When you’re pregnant, it seems like there are so many things you can’t do: eat raw fish, ride a rollercoaster, go ice skating, use retinol . . . or get injectables. The list may seem trivial, but it can be a huge lifestyle change for mom — before she even has a baby! Many women who regularly get injectable wrinkle reducers or fillers may be wondering what the “rules” are about getting a treatment during pregnancy or when breastfeeding. We spoke to multiple doctors (who are parents as well!) to get their expert take.
Retinol shouldn't be used by women who are pregnant, considering getting pregnant, or nursing. Please consult with your doctor before use.
Injectable wrinkle reducers temporarily smooth the look of moderate to severe wrinkles in certain areas of the face, including the forehead, frown lines, and crow’s feet; they should not be used more frequently than every three months. Injectable filler is a temporary treatment that adds volume to areas of the face such as the lips, cheeks, and laugh lines. Like any medical treatment, both injectable wrinkle reducers and injectable fillers have potential risks and side effects. Talk to a licensed provider to see if they’re right for you.
“I advise all pregnant women to wait until after giving birth, and after they’ve ceased breastfeeding to have fillers placed,” says Rachel Nazarian, MD, board-certified dermatologist at the Mount Sinai® Department of Dermatology and Schweiger Dermatology Group℠, and mom of two very active kiddos (ages 2 and 3). You may recall that many fillers are primarily made of hyaluronic acid, which is a sugar molecule that naturally occurs in skin. In general, hyaluronic acid is unlikely to cause direct harm to the fetus — so don’t get too nervous if you got fillers before you knew you were pregnant.
“The real concern is that there is always a risk of adverse effects from these (and other) cosmetic procedures, which includes infection, inflammation, allergic reaction, et cetera,” warns Dr. Nazarian. “These side effects may complicate your pregnancy unnecessarily.”
Zain Husain, MD, a board-certified dermatologist, father to a 2-year-old girl, and husband to Amna Husain, MD, a board-certified pediatrician and lactation consultant, agrees. “I would not recommend getting injectable wrinkle reducers or dermal fillers while you are breastfeeding,” he says. “Although they [can be] relatively safe in nature, women should avoid receiving such treatments until after they are finished nursing.”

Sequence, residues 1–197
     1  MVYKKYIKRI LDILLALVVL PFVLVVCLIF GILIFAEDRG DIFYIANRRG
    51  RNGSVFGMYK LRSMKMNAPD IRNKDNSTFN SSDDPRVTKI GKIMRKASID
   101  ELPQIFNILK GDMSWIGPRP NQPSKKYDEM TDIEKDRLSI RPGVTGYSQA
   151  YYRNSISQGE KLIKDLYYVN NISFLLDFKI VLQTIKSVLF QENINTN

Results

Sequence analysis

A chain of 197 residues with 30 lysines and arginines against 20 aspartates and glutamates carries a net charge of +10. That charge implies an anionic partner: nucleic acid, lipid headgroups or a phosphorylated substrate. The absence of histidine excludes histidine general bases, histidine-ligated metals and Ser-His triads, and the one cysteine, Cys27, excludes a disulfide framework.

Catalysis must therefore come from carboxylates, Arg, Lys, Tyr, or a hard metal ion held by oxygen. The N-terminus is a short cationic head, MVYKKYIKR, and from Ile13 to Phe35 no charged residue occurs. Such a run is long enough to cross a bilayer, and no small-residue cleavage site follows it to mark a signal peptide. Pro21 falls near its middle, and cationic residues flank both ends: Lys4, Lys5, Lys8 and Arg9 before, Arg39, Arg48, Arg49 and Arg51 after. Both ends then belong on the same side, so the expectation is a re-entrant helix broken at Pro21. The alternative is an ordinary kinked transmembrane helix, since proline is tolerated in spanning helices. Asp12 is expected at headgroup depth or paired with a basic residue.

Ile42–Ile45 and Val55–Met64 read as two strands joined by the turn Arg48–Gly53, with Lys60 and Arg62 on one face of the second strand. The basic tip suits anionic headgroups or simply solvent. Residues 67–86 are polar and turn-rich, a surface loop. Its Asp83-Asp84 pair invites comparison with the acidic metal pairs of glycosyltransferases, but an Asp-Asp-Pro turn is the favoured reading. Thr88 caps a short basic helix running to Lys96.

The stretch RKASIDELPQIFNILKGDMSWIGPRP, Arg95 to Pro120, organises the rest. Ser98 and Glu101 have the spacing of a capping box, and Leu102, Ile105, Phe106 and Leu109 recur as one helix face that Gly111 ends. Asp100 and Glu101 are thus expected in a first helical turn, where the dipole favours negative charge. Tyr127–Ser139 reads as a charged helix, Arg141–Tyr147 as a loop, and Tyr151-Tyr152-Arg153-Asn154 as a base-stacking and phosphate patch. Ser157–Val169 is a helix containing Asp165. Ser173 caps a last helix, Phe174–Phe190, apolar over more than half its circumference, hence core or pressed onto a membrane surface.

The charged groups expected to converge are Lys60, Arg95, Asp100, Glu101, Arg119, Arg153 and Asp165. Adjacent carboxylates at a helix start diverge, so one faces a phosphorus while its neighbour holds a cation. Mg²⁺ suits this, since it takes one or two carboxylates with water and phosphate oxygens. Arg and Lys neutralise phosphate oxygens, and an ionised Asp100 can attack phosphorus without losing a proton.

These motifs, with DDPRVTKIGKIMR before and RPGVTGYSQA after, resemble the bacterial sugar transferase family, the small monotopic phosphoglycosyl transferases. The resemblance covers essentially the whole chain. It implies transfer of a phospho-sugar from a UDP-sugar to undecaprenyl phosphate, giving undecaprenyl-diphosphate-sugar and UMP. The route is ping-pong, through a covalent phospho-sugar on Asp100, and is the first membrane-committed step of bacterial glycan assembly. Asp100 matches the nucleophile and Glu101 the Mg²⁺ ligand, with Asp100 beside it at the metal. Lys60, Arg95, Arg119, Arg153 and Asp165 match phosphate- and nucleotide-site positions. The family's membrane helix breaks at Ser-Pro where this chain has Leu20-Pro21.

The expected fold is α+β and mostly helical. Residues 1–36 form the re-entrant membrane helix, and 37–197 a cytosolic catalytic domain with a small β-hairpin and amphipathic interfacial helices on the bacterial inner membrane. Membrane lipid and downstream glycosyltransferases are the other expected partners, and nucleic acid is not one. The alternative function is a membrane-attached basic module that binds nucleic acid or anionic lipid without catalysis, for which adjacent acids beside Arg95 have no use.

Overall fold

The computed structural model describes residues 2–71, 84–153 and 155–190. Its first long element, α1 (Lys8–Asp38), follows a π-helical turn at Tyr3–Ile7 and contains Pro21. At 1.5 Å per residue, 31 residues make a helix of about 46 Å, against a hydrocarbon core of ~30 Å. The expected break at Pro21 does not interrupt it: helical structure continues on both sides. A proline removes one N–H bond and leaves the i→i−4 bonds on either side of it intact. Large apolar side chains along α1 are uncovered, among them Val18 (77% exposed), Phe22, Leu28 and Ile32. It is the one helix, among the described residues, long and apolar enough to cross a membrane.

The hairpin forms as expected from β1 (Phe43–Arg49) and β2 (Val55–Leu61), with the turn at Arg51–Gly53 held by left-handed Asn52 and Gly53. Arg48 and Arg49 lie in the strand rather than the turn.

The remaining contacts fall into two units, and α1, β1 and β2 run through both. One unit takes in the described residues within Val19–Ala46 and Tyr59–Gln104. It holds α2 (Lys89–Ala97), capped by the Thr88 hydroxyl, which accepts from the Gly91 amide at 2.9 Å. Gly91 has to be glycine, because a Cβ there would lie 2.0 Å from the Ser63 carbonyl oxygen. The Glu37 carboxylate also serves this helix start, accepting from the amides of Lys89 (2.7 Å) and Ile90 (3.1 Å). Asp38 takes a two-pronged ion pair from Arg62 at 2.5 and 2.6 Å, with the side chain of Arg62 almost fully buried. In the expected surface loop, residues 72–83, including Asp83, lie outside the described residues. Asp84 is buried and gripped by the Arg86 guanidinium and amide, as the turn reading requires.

That’s because there is a lack of evidence on how the treatments affect the body during pregnancy or breastfeeding, so it’s safer to skip them until after baby comes. “Since there are not enough studies and research conducted on injectable treatments while breastfeeding, it is best to avoid doing so,” Dr. Husain says. But you won’t have to wait long after you stop nursing. “Medically, you [should be] cleared to have fillers the day you stop breastfeeding,” Dr. Nazarian adds.
So, now that you’ve waited to book your filler and injectable wrinkle reducer injections until after you deliver and stop breastfeeding, there is one more consideration to take into account: Postpartum, you may look different than your pre-pregnancy self.
“Our bodies change in many ways when we’re pregnant and when we’re breastfeeding,” says Dr. Nazarian. Everything from the shape of your face and jawline to your lips can change due to an increase in fluids in your body, weight gain, or even hormonal fluctuations. For this reason, Dr. Nazarian recommends waiting until the fluctuations in your facial and body shape have settled before committing to an injectable treatment. After all, the whole point of getting injectables is to achieve the results you want while still looking like you — so make sure you feel like you’re back to looking like yourself before you book a treatment.
You may also have different needs. Before baby, your main concern could have been your “11” lines, but now, it could be hollowing of your cheeks, thanks to the loss of some baby weight. “After pregnancy, the swelling may subside, but if you are looking to get any [aesthetic] treatment such as injectable wrinkle reducer or filler, it would be best to consult your dermatologist after baby and see which areas need attention,” Dr. Husain urges. As always, be sure to talk to your own OB-GYN and licensed provider to ask if getting fillers or injectable wrinkle reducers is right for you.
Learn more about medical aesthetics and pregnancy: